- In the entryway of the metro station «Revolution Square» (Ploshchad’ Revoliutsii) in Moscow, OMON officers threw a man to the floor while arresting him, pinned him down with their knees and punched him in the head several times.
- In Ekaterinburg, two police officers roughed up a man while detaining him because he tried to get out his telephone to film protestors being encircled by the OMON riot police. They grabbed him by the hands and neck and beat him with batons. When he fell to the ground, the police hit him again several times in the knees.
- In Moscow near the Detskii Mir toy store at Lubyanka, police began to stop passersby to check the contents of their phones. They threatened to not let them continue walking if they refused.
- In Moscow on Tverskoi Square, police took down the personal information of minors and gave them a warning, telling them why children should not participate in protests.
- In Moscow on Red Square, police pushed several people face-first into a construction barrier while arresting them. When bystanders started to take pictures of what was happening, OMON officers moved in front of them to block their view.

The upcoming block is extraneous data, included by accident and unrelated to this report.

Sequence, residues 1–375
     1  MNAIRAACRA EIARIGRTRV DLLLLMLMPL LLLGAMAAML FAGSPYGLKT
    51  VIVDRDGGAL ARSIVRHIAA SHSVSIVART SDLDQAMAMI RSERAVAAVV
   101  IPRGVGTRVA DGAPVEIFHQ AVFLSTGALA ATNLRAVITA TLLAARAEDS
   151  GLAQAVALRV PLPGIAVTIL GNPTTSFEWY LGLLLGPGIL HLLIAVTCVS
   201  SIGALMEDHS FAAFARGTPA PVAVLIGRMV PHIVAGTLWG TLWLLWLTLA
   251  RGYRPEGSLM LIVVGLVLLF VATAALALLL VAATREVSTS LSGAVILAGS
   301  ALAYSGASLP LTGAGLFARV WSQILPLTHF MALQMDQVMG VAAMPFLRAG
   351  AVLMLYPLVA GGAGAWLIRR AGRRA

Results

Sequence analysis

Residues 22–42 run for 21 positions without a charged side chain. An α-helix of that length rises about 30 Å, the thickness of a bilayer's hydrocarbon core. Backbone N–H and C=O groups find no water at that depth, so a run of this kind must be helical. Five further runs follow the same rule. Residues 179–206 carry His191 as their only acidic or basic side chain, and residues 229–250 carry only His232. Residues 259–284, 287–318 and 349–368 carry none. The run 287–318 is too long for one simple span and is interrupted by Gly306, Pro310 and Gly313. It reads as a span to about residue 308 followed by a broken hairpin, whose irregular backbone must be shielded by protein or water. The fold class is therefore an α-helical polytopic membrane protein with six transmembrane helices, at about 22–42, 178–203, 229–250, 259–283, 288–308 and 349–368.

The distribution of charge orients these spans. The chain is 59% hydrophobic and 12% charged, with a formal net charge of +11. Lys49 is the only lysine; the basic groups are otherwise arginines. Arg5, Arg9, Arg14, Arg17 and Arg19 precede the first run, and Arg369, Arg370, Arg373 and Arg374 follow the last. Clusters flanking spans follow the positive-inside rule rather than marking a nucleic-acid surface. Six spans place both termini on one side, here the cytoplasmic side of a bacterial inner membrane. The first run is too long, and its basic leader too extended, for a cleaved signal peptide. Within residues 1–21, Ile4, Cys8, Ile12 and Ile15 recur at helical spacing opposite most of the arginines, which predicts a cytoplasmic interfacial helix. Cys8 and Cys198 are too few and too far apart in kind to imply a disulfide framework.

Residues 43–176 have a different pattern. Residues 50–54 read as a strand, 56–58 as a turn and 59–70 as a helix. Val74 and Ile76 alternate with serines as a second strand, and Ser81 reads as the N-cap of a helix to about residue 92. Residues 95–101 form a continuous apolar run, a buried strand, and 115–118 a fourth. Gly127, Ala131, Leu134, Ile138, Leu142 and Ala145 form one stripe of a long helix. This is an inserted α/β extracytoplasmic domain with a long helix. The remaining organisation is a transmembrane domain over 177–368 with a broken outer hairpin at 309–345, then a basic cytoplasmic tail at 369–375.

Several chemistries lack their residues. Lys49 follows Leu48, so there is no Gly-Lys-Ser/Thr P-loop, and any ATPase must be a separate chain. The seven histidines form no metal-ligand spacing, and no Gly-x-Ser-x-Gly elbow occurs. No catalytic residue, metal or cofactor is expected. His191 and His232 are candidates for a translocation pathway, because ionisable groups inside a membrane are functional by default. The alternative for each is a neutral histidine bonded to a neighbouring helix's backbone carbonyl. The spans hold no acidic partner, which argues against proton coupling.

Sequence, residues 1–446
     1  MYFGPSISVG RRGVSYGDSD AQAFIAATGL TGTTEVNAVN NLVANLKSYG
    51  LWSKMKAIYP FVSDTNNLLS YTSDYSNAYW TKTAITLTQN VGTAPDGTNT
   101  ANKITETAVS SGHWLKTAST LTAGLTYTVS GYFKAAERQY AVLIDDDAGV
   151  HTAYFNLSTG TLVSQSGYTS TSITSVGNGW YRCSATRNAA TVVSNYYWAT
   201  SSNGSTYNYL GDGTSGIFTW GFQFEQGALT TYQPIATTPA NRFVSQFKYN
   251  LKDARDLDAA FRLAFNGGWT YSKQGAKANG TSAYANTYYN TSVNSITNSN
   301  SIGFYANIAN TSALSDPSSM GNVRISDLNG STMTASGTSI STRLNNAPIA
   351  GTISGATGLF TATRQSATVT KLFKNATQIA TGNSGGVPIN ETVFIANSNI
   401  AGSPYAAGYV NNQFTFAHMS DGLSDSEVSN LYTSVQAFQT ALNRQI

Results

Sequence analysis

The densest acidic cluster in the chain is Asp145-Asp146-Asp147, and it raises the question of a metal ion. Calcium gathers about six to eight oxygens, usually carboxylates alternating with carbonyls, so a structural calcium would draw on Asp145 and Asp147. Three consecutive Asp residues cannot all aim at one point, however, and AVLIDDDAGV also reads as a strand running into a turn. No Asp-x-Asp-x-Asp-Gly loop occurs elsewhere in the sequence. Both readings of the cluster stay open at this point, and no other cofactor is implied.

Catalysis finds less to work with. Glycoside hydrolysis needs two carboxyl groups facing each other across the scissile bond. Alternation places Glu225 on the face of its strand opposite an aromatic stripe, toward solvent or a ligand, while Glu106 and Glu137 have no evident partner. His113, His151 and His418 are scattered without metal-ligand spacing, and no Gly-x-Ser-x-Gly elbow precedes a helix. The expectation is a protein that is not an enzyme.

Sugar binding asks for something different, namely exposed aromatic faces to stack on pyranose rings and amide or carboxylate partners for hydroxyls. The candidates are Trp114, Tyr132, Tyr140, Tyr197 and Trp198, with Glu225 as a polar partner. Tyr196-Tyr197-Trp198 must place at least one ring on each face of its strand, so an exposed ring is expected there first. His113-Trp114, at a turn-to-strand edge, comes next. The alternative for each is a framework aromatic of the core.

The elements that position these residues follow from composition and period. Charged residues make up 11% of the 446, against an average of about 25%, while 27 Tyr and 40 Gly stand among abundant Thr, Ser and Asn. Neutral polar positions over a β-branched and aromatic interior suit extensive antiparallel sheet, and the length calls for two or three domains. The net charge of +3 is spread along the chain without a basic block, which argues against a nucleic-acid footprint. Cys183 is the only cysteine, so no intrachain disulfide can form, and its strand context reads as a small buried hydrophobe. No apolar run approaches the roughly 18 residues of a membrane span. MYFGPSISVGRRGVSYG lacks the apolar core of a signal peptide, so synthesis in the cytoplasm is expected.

- In Kazan, police beat one protestor while detaining him, giving him a bloody lip.
- In St. Petersburg, police arrested a man and his young daughter. They were walking near Gostiny Dvor where an anti-war protest was happening.
- In Moscow, detainees waited in a police van for more than four hours. First they were taken to the station Sokol, then to Khoroshevskii and then to Khovrino, but not a single one of these stations would take them.
- In Moscow, police asked passersby to show them their telephones and detained them if there were photos of protests on their phones.
- In the Moscow police station «Brateevo», police beat at least three women detainees. They poured water on them and beat their faces and bodies.
- In Moscow, protestors were beaten in front of children when they were arrested at the Central Children’s Toy Store.
Violations in Police Departments and Non-Admission of Lawyers
List will be updated.
- People arrested at anti-war protests in various cities said that police took their phones at the police station and denied them access to their lawyers. In one of the Moscow police stations, the Fortress Plan (Plan Krepost’) was deployed.
- In Krasnodar, detainees were forced to hand over their phones. One man who refused was beaten.
- In Ekaterinburg, police threatened a detainee that they would either beat his legs or break his telephone if he tried to film them.
Post-Protest Criminal Cases